Thursday, August 11, 2011

Analyzing The Strike Three Call

I have been to many a game with SosG AC where he spends his time in the stands perfecting his strike three call. It's a hilarious comedy routine, sort of like watching a video of the batting stance guy, except about strikeout signs.

Well today is AC's lucky day. Behold, an analysis of umpires' strike three signage tendencies, from today's WSJ. An excerpt:

The manual for professional baseball umpires explains how to handle just about every on-field situation. From the backwoods of rookie ball to the grandeur of the big leagues, there is little room for creativity from these men in blue, who are largely invisible.

But a few times during each game, when the third strike whizzes past the hitter and pops the catcher's glove, the spotlight shines on the umpire standing behind home plate. For that brief moment, an ump can take center stage and, in some cases, exhibit true artistry.

An analysis of all 68 full-time Major League umpires' strike-three calls reveals 68 unique styles, running the gamut from Gary Darling's subtle fist pump to Tom Hallion's violent, Mike Tyson-esque punchout. Though nothing in the guidebook requires umpires to devise elaborate gestures, the called strike three injects a splash of color into the sport.

"It's kind of like a pitcher's signature pitch," said New York Mets pitcher R.A. Dickey. "The strike-three call has always been the one thing the umpire can make his own."

As time goes by, umpires refine their strike-three calls, adapting and tweaking their signals even after they reach the majors. Wally Bell, a big-league ump since 1993, seems to change his strike-three call from game to game, and sometimes from inning to inning. Larry Barnett, who umped in the American League for three decades, said he went through "10 or 15 different ones" before settling on "a mechanic," as they call the move, that he felt comfortable with toward the end of his career.

Among the 68 current umpires, 59 (86.8%) typically employ one of two straightforward approaches for calling strike three, punching either straight ahead toward the pitcher or out toward the side. But within that framework, each ump adds his own touches. As a result, perceptive fans can identify the umpire working the plate by his strike-three call. (Umpires usually let swinging strikeouts speak for themselves.)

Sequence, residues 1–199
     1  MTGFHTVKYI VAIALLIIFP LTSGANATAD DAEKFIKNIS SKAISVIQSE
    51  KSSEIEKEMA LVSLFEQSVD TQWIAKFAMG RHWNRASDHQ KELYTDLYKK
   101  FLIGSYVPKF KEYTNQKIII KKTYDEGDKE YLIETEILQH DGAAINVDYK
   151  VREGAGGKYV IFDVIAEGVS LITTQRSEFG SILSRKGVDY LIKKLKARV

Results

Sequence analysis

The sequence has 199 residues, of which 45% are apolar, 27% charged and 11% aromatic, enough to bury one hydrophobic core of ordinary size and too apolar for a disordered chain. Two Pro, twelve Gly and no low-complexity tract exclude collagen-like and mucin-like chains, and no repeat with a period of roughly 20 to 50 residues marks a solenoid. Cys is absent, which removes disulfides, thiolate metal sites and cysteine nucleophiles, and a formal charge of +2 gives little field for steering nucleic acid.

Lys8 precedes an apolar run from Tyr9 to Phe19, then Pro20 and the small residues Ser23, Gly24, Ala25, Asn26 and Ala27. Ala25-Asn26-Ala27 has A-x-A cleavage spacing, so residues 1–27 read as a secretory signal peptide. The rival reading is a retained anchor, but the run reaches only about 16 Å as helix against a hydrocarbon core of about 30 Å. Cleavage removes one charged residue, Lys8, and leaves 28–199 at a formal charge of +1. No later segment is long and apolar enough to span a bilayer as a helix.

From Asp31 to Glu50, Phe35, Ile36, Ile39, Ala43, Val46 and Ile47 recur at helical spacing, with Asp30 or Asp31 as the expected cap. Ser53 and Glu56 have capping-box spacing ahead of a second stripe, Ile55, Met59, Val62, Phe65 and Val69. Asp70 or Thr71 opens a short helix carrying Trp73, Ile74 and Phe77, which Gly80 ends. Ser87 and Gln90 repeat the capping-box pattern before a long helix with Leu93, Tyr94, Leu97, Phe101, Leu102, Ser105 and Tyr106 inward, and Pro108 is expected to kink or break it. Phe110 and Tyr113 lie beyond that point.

For instance, Dan Iassogna (a middle-puncher) shifts his weight far into the left-hand batter's box when making his call -- a move that would probably go over well on "Dancing with the Stars." Fellow middle-puncher Tim Tschida kicks his left leg into the air on strike three like Jackie Chan in the movies, while side-puncher Brian Runge swings his right arm high over his head before punching across his body.

Even those calls look mundane compared with the remaining nine umpires' mechanics. They defy any attempt at categorization. Bob Davidson's signal resembles a disco move, as he starts his call by pointing his finger toward the sky like John Travolta did in "Saturday Night Fever." Mr. Hallion became a YouTube sensation last October, when his emphatic called strike three for the final out of the 2010 National League championship series went viral. (Mr. Hallion makes an explosive 135-degree twist, turning his back to the right-handed batter's box on his punchout.)

"Every time I see Tom I tell him, 'I will not have you go 'Hiii-Yahhhhhh' on me tonight, that's my goal," said San Diego Padres infielder Orlando Hudson, imitating the motion as he spoke. "He's got the best strike-three call in the game."


QuadSevens said...

Awesome! We all have our homework assignment now.

Nostradamus said...

The illustrations are on the skinny side for umps, no?

Steve Sax said...

That graphic is frickin' awesome. In the print edition (yes, I still get the print edition!), it's black and white and much less compelling.

Jason said...

I like the full list in the online article.

* All three umpires named Mike use the same motion (Points forward with right arm first).
* I really want to see Fieldin Culbreth's move (Kicks left leg high in the air as he punches). I'm picturing the Karate Kid crane kick.
* The description for Mark Wegner sounds kind of dirty (More of a puller than a puncher).

Jason said...

The quote from Jeff Nelson is pretty good, too: "There's a fine line between good taste and Leslie Nielsen"

DodgersKingsoftheGalaxy said...

I always got a kick out of this, don't umps tell hitters they don't want to be "shown up" by them so they kick um out? Well some of the more flamboyant strike 3 calls appear to be "showing up" the hitter IMO so they are full of it, now let's go heckle an ump somewhere.